The good news: Oklahoma schools are teaching phonics. The bad news: It’s in college.
To cite just one example (sadly, there are many) of what goes on at many of our institutions of "higher education," students at Tulsa Community College can take a college English course called Spelling and Phonics, which is "designed for the student who needs to master basic spelling literacy and principles of phonics." Ponder it, folks. I can’t make this stuff up.
Taxpayers already paid for K-12 education once; now they are forced to pay for it again. According to last year’s annual Student Remediation Report produced for the Oklahoma State Regents of Higher Education, more than one-third of Oklahoma students require remedial courses in college.
In an attempt to do something about it, yesterday the Oklahoma House of Representatives unanimously passed legislation creating a Task Force on Student Remediation.
As you think about "Spelling and Phonics" and about high-school students watching movies in class, I want you to consider the requirements facing students hoping to be admitted to Harvard College around 1700: "Everyone competent to read Cicero or any other classic author of that kind extemporaneously, and also to speak and write Latin prose and verse with tolerable skill and without assistance, and of declining the Greek nouns and verbs, may expect to be admitted to the College: if deficient in any of these qualifications, he cannot under any circumstances be admitted."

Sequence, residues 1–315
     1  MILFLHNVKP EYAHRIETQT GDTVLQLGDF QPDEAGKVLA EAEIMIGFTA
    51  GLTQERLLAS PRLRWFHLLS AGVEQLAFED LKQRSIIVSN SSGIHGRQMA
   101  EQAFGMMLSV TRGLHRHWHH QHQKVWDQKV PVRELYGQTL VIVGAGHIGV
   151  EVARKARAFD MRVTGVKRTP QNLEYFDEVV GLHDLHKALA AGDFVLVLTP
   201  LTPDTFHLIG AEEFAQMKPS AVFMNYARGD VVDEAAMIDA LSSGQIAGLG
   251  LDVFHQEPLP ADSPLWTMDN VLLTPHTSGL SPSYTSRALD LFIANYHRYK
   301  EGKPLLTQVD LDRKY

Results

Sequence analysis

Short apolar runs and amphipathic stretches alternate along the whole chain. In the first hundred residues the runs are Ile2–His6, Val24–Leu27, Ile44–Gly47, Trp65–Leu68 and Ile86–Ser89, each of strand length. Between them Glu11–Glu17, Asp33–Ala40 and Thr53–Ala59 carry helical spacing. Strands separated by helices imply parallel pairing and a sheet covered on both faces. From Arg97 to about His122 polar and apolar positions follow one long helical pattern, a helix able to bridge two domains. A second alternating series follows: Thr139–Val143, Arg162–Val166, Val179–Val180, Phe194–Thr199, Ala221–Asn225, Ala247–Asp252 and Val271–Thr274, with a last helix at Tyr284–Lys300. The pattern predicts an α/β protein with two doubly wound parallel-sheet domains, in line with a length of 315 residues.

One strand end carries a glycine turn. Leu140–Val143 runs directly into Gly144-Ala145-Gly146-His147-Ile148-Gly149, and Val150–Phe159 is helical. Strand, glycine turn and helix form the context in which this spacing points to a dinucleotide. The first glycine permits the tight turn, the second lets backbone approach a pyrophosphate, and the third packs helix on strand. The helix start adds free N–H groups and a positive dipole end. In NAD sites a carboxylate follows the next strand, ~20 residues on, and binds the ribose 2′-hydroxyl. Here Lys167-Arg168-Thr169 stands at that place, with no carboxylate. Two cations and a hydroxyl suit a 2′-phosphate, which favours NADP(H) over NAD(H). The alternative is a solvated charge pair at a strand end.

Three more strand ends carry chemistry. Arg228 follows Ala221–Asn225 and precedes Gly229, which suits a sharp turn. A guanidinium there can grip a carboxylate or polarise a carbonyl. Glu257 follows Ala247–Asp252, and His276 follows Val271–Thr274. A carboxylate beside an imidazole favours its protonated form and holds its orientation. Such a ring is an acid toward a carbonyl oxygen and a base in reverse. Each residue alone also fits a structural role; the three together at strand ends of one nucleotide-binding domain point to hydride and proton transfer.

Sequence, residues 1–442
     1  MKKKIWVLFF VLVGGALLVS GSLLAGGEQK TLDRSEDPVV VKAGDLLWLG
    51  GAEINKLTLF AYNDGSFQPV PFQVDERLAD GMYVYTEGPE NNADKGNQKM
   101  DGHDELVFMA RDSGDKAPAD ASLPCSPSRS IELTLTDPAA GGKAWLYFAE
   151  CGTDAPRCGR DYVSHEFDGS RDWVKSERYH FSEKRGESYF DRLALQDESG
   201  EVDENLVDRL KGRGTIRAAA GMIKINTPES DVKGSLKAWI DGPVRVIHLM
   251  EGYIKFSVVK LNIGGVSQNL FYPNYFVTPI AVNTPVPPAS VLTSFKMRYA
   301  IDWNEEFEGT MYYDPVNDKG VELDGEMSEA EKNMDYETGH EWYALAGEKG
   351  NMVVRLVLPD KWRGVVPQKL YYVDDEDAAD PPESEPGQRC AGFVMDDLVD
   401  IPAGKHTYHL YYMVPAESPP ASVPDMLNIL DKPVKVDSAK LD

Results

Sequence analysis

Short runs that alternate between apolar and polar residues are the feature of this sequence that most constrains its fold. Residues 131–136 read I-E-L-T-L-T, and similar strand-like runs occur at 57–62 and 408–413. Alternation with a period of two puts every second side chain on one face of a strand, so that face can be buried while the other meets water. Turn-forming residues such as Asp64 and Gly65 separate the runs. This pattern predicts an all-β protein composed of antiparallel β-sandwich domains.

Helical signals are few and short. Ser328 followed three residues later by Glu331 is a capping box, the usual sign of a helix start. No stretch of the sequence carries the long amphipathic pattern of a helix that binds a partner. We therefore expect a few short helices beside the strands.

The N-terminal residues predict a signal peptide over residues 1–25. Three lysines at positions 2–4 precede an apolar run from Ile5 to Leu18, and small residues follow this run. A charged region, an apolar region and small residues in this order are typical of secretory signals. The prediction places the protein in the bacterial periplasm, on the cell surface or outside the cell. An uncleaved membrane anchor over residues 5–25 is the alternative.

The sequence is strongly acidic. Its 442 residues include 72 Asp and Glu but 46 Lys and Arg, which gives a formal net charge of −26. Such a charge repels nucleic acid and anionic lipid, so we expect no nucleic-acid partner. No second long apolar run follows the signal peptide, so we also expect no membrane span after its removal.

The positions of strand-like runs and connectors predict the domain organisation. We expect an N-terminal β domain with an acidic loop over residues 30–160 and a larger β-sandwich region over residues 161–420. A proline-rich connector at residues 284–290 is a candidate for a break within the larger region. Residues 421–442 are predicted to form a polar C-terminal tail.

Do you think it’s possible Oklahoma’s K-12 education system is dumbed down? Last year my homeschooled eighth-grade son learned Algebra II, Henle Latin I, intermediate logic, physical science, grammar, and composition. Here are some (not all) of the books he read and discussed: The Epic of Gilgamesh; The Code of Hammurabi; The Odyssey; The Histories; The Oresteia Trilogy; Plutarch’s Lives; The Theban Trilogy; The Last Days of Socrates; The Early History of Rome; The Aeneid; The Twelve Caesars; Till We Have Faces; The Unaborted Socrates; Genesis; Exodus; I and II Samuel; I and II Kings; Isaiah; Jeremiah; Chosen by God; and Socrates Meets Jesus.
If parents want this kind of education for their children and the public schools won’t deliver it, those parents should be given a voucher or a tax credit which allows them to choose another option.
If you enter college needing to learn “Spelling and Phonics” – something you should have learned in first grade – suffice it to say you’ve been ripped off.